Perc Pineda, Chief Economist of the Plastics Industry Association, outlines three possible economic scenarios for the US plastics industry as it transitions back to a post-pandemic world.
Business forecasts are a tricky proposition in the best of times. Within our fraught context, one might consider them fanciful. Still, businesses need some sort of framework to plan for the future. During a press conference announcing the publication of the Plastics Industry Association’s (PLASTICS) 2020 Size & Impact Report, Perc Pineda, PhD, Chief Economist of the association, outlined three possible scenarios for the plastics sector through 2024. It turns out the outlook may not be as dire as you might imagine.
The plastics and overall manufacturing sectors historically move in tandem, as shown in Figure 1. Pineda applied that pattern to develop three possible scenarios for the plastics sector in the next three years.
|Figure 1. Shipments from the plastics and manufacturing sectors historically have followed a similar pattern. Image courtesy the Plastics Industry Association.|
In Figure 2 below, the first scenario shows a steep drop in shipments in 2020, as the industry gradually claws back to growth over a three-year horizon.
“Assuming there are no major supply disruptions and that aggregate demand does not deteriorate, a 16.3% decrease in shipments this year, as happened during the 2008/2009 recession, will lead to 2.3% growth through 2024,” said Pineda. That is shown in Figure 2 — the first scenario depicted in red dashes. “That means a decrease in shipments of plastics to $265.5 million in 2020, increasing slowly to $290.7 million by 2024,” said Pineda. He points out that, unlike the Great Recession a little over 10 years ago, there is no credit crunch this time around. “People are still able to borrow, and lending is not constrained,” said Pineda, making it less likely that this less-optimistic scenario will come to pass.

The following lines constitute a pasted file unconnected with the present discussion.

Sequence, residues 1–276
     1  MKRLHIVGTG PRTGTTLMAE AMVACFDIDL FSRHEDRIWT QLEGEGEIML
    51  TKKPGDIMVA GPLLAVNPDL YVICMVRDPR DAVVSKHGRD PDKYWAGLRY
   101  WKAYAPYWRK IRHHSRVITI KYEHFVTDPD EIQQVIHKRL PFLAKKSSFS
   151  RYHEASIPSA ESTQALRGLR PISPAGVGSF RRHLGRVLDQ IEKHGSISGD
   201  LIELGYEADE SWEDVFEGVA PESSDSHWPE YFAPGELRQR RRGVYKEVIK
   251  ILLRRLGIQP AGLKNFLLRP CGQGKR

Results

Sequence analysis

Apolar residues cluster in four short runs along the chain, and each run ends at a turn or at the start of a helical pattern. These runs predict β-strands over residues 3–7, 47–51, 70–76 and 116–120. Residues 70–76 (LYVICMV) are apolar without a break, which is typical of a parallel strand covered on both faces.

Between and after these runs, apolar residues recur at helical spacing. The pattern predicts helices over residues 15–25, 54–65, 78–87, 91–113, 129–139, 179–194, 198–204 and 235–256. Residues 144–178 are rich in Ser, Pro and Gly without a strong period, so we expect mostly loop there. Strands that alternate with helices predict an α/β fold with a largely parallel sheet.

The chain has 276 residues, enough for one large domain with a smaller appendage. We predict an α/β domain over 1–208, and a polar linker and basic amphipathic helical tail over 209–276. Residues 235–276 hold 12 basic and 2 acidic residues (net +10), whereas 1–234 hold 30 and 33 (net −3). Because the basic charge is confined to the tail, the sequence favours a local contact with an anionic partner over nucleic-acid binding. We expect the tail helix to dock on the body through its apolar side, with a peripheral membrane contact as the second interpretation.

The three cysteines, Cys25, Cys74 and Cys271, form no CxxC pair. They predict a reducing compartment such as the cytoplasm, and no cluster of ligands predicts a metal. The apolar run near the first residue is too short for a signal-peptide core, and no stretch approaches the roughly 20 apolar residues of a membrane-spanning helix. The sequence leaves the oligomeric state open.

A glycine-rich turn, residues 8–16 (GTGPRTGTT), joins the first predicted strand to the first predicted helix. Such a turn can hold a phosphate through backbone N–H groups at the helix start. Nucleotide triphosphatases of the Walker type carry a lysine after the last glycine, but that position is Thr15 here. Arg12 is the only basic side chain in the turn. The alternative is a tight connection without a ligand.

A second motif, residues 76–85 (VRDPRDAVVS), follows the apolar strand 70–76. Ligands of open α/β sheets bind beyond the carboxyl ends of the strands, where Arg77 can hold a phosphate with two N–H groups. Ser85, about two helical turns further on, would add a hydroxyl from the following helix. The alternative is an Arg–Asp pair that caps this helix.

|Figure 2. Three possible scenarios for growth in the plastics industry through 2024. Image courtesy Plastics Industry Association.|
In the second scenario, visualized in the figure by a dotted line, Pineda operates under the assumption that the annual decline will mirror the approximate 10% decline of the second quarter of this year. Sluggish economic activity would result in shipments eventually growing to $312.6 million in the forecast period.
The third scenario posits a 10% decline this year with a steep recovery in 2021 and continued growth going forward. That is the solid line in the figure. “You could see that as optimistic,” said Pineda, “but it could also be considered conservative to some extent, if there is still a likelihood of growing more than 10% next year. Shipments would increase to $314 million in 2021 and $336.1 million in 2024.”
On the employment front, Pineda sees little reason to anticipate change. Labor supplies persist, he said, “and the skills gap remains a key issue.” Noting the absence of any kind of government initiative that might reverse this trend, Pineda sees a small but sure decline in employment numbers in the plastics sector.